Claudin 6 (CLDN6) was found to be a breast cancer suppressor gene, which is lowly expressed in breast cancer and inhibits breast cancer cell proliferation upon overexpression. However, the mechanism by which CLDN6 inhibits breast cancer proliferation is unclear. Here, we investigated this issue and elucidated the molecular mechanisms by which CLDN6 inhibits breast cancer proliferation. First, we verified that CLDN6 was lowly expressed in breast cancer tissues and that patients with lower CLDN6 expression had a worse prognosis. Next, we confirmed that CLDN6 inhibited breast cancer proliferation through in vitro and in vivo experiments. As for the mechanism, we found that CLDN6 inhibited c–MYC–mediated aerobic glycolysis based on a metabolomic analysis of CLDN6 affecting cellular lactate levels. CLDN6 interacted with a transcriptional co–activator with PDZ-binding motif (TAZ) and reduced the level of TAZ, thereby suppressing c–MYC transcription, which led to a reduction in glucose uptake and lactate production. Considered together, our results suggested that CLDN6 suppressed c–MYC–mediated aerobic glycolysis to inhibit the proliferation of breast cancer by TAZ, which indicated that CLDN6 acted as a novel regulator of aerobic glycolysis and provided a theoretical basis for CLDN6 as a biomarker of progression in breast cancer.

PLoS ONE ◽  
2021 ◽  
Vol 16 (12) ◽  
pp. e0261191
Janneke Elzinga ◽  
Benthe van der Lugt ◽  
Clara Belzer ◽  
Wilma T. Steegenga

The intestinal mucus layer plays a crucial role in human health. To study intestinal mucus function and structure in vitro, the mucus-producing intestinal cell line HT29-MTX-E12 has been commonly used. However, this cell line produces only low amounts of the intestine-specific MUC2. It has been shown previously that HT29-MTX-E12 cells cultured under Semi-Wet interface with Mechanical Stimulation (SWMS) produced higher amounts of MUC2, concomitant with a thicker mucus layer, compared to cells cultured conventionally. However, it remains unknown which underlying pathways are involved. Therefore, we aimed to further explore the cellular processes underlying the increased MUC2 production by HT29-MTX-E12 cells grown under SWMS conditions. Cells grown on Transwell membranes for 14 days under static and SWMS conditions (after cell seeding and attachment) were subjected to transcriptome analysis to investigate underlying molecular pathways at gene expression level. Caco-2 and LS174T cell lines were included as references. We characterized how SWMS conditions affected HT29-MTX-E12 cells in terms of epithelial barrier integrity, by measuring transepithelial electrical resistance, and cell metabolism, by monitoring pH and lactate production per molecule glucose of the conditioned medium. We confirmed higher MUC2 production under SWMS conditions at gene and protein level and demonstrated that this culturing method primarily stimulated cell growth. In addition, we also found evidence for a more aerobic cell metabolism under SWMS, as shown previously for similar models. In summary, we suggest different mechanisms by which MUC2 production is enhanced under SWMS and propose potential applications of this model in future studies.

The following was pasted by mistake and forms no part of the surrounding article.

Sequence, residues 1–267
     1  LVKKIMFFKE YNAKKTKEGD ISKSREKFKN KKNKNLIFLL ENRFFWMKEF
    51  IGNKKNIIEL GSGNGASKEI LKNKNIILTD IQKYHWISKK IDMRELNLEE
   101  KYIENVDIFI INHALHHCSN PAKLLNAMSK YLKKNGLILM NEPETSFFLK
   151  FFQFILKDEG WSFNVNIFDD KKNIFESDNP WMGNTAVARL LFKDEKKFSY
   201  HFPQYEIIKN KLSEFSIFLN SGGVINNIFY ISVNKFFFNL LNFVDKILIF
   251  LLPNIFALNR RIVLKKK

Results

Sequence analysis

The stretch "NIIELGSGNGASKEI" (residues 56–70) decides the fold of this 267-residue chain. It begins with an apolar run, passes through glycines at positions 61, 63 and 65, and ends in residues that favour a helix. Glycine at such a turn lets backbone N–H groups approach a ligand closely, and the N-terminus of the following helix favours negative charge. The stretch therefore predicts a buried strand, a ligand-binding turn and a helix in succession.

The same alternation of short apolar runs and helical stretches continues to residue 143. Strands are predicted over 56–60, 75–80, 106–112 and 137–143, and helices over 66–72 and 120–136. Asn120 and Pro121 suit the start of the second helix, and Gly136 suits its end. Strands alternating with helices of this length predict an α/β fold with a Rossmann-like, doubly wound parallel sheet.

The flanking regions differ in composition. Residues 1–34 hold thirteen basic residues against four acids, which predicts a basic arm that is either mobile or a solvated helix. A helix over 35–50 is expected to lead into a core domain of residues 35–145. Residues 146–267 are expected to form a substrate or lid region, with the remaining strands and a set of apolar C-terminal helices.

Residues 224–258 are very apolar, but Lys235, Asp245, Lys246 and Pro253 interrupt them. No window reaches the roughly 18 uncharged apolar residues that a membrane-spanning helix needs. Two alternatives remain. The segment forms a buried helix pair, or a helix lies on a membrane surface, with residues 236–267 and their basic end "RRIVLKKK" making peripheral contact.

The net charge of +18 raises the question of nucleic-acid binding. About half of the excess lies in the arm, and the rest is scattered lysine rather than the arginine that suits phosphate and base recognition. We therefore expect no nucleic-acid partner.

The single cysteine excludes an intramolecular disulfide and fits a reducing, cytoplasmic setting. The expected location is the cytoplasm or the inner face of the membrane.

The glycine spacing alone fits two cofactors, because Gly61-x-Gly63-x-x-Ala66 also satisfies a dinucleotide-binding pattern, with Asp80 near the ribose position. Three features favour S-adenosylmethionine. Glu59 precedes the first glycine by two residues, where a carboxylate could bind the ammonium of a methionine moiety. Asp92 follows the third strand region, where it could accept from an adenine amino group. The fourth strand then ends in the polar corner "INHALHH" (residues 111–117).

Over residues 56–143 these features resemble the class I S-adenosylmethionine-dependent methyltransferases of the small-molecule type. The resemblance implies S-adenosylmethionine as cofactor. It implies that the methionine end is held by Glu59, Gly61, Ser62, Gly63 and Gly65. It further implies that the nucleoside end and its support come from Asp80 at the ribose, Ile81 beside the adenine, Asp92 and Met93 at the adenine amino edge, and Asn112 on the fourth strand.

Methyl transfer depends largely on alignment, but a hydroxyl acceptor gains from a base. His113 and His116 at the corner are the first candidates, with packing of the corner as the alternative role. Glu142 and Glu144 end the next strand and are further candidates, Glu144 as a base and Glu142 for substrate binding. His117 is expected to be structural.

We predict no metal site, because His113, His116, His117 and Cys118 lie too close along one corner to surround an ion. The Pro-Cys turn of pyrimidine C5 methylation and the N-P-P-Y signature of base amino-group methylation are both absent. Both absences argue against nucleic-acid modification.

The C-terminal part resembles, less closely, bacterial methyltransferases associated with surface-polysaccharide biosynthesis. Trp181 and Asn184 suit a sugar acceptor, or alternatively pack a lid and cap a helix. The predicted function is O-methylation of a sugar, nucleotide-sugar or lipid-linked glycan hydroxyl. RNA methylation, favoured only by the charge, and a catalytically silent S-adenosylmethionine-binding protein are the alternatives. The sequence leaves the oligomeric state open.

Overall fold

2021 ◽  
Andreia P Alves ◽  
Sandra M Rocha ◽  
Ana C Mamede ◽  
Marco G Alves ◽  
Pedro F Oliveira ◽